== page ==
In many respects, Inspector Morse utilises a similar narrative trick as the long running American detective series Columbo (1972 – 95). “Some time ago I was in conversation with a television producer acquaintance of mine” recalls OTT’s Chris Diamond “when I remarked upon the remarkable success of Columbo. I thought it unusual that a show of such intricate plotting, and an hour or so in length could have been such a success in the US. He responded by telling of the craftiness of the show’s structure. In Columbo, the audience is shown at the very outset who the murderer is and how they accomplished their crime, so the only man in the dark is the crumpled lieutenant himself. What the audience is waiting for is the dénouement when Columbo confronts the murderer with the piece of evidence that brings him, or her, to justice.”

Inspector Morse might not reveal the identity of the murderer at the beginning of the episode, but by explicitly trading on classical stories (such as Oedipus Rex in the “The Dead of Jericho” broadcast 6 January 1987), the viewer is able to follow the thread of the investigation without having to understand each twist in the plot. Simply by having a general understanding of the relevant narrative being invoked one is able to keep apace with the on screen developments even when failing to keep up with specific plot developments.

Inspector Morse quickly established itself as a prestige television series, flattering audiences with visual extravagance and intelligent writing (Ted Childs had been keen to attract quality scriptwriters and was able to secure the likes of Julian Mitchell and Anthony Minghella). Furthermore, by consistently attracting impressive audiences right until the final story “The Remorseful Day” in 2000, Inspector Morse proved beyond any doubt that a significant appetite existed in the British viewer for timeless, intellectually driven criminal mysteries. As we shall see, many of the series that followed in Morse‘s wake would similarly eschew car chases, violence and (perhaps more significantly) exploration of contemporary social issues, in an attempt to recreate Inspector Morse‘s ability to captivate audiences by focussing purely on the riddles, clues and deceptions intrinsic to a classic whodunit.

Whereas, Inspector Morse portrayed crime rather like a crossword puzzle, Prime Suspect (1991 – 97) and Cracker (1993 – 96) used the crime story narrative as a mechanism to explore less prosaic matters. Cracker in particular blurred genre distinctions being in turns an examination of contemporary social issues, a dyed in the wool crime series and a platform for emotional exploration. Originally envisaged by Producer Gub Neal as a modern day Sherlock Holmes (in which the sleuth would employ modern day analytical techniques to solve crimes), Cracker can perhaps best be described as not a whodunit, but a “whydunit”.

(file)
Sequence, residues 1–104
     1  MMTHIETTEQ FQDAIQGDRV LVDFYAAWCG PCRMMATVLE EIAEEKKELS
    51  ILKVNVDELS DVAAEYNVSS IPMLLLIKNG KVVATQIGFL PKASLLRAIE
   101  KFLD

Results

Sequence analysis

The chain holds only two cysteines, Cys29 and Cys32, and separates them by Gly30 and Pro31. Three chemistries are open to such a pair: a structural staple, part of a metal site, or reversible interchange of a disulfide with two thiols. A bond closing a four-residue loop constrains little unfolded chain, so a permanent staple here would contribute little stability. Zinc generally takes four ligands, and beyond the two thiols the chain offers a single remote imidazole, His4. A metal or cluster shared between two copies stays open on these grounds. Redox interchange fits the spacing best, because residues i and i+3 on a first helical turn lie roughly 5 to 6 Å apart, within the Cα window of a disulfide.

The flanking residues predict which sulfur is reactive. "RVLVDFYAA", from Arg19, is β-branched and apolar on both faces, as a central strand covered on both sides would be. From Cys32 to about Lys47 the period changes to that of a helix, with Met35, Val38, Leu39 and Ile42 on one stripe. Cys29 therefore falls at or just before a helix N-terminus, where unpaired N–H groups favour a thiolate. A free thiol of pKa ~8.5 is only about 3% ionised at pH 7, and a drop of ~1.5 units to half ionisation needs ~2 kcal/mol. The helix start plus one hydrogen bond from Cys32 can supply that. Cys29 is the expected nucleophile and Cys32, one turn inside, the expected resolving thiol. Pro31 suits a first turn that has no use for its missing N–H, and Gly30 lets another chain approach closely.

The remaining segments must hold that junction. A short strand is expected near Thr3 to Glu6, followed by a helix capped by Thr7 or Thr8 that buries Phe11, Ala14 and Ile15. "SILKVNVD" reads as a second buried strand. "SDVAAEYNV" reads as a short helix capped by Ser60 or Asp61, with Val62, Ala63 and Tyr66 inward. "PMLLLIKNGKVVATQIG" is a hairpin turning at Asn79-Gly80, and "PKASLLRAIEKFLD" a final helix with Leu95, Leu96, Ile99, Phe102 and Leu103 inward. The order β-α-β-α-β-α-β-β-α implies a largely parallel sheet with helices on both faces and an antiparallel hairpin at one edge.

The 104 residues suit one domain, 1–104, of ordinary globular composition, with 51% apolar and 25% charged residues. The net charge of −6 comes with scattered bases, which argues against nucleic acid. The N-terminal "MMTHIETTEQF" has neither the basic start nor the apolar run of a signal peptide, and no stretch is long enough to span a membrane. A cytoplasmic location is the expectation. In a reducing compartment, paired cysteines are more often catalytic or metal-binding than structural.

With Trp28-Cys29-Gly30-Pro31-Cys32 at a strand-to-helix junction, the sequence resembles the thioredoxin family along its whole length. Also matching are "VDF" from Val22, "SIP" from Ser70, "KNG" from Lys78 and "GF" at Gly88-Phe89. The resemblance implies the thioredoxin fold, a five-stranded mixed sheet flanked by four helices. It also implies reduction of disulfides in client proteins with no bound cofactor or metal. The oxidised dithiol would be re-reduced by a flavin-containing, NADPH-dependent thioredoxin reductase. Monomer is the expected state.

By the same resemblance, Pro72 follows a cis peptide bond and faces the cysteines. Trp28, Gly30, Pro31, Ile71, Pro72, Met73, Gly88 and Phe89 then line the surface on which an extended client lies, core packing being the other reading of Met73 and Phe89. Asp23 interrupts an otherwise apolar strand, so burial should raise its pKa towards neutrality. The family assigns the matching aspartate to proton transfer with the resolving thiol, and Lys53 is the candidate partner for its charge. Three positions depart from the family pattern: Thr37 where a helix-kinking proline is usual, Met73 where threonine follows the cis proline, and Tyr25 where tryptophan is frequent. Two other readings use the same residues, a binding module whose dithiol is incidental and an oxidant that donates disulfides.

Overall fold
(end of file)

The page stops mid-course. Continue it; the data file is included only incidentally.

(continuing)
“The best stories are those where the killer have such a good reason to kill that even if the viewers can’t condone their behaviour, they can at least understand them and care about them” observed series creator Jimmy McGovern. Inspector Morse had demonstrated that viewers were willing to follow complicated storylines, and to the minds of many involved in Cracker it seemed to follow that such a hitherto unrecognised maturity in viewer tastes should extend not just to narrative complexity but difficult social issues too.

“We realized there was a huge hunger for intelligent drama,” explained lead actor Robbie Coltrane “and we were all committed to making something a bit different. We all need a dose of feel-good escapism like The Darling Buds of May from time to time, but we felt that too many TV programmes patronise their audience … In Cracker the interest isn’t who, because the viewer already knows, but why and it makes people think about their own prejudices and fears. We all have some experience of sexism, racism, homophobia and religious persecution; we all have fears about loved ones dying, and so why should they not be challenged and explored on prime time TV?”

The emotional scope of Cracker far exceeded that usually addressed within crime drama, yet Jimmy McGovern (who not only created the series but wrote six out of the 10 stories) was able to marry traditional episodic dramatic structure, high drama and an ear for authentic dialogue within the confines of one serial. McGovern’s skill was not only to weave engaging, original stories whilst adhering to the dramatic convention of the genre, but to allow his characters a degree of free will and therefore believability that cannot usually be afforded within a type of drama that relies so heavily on the on the repercussions of an initial crime to totally dictate character behaviour.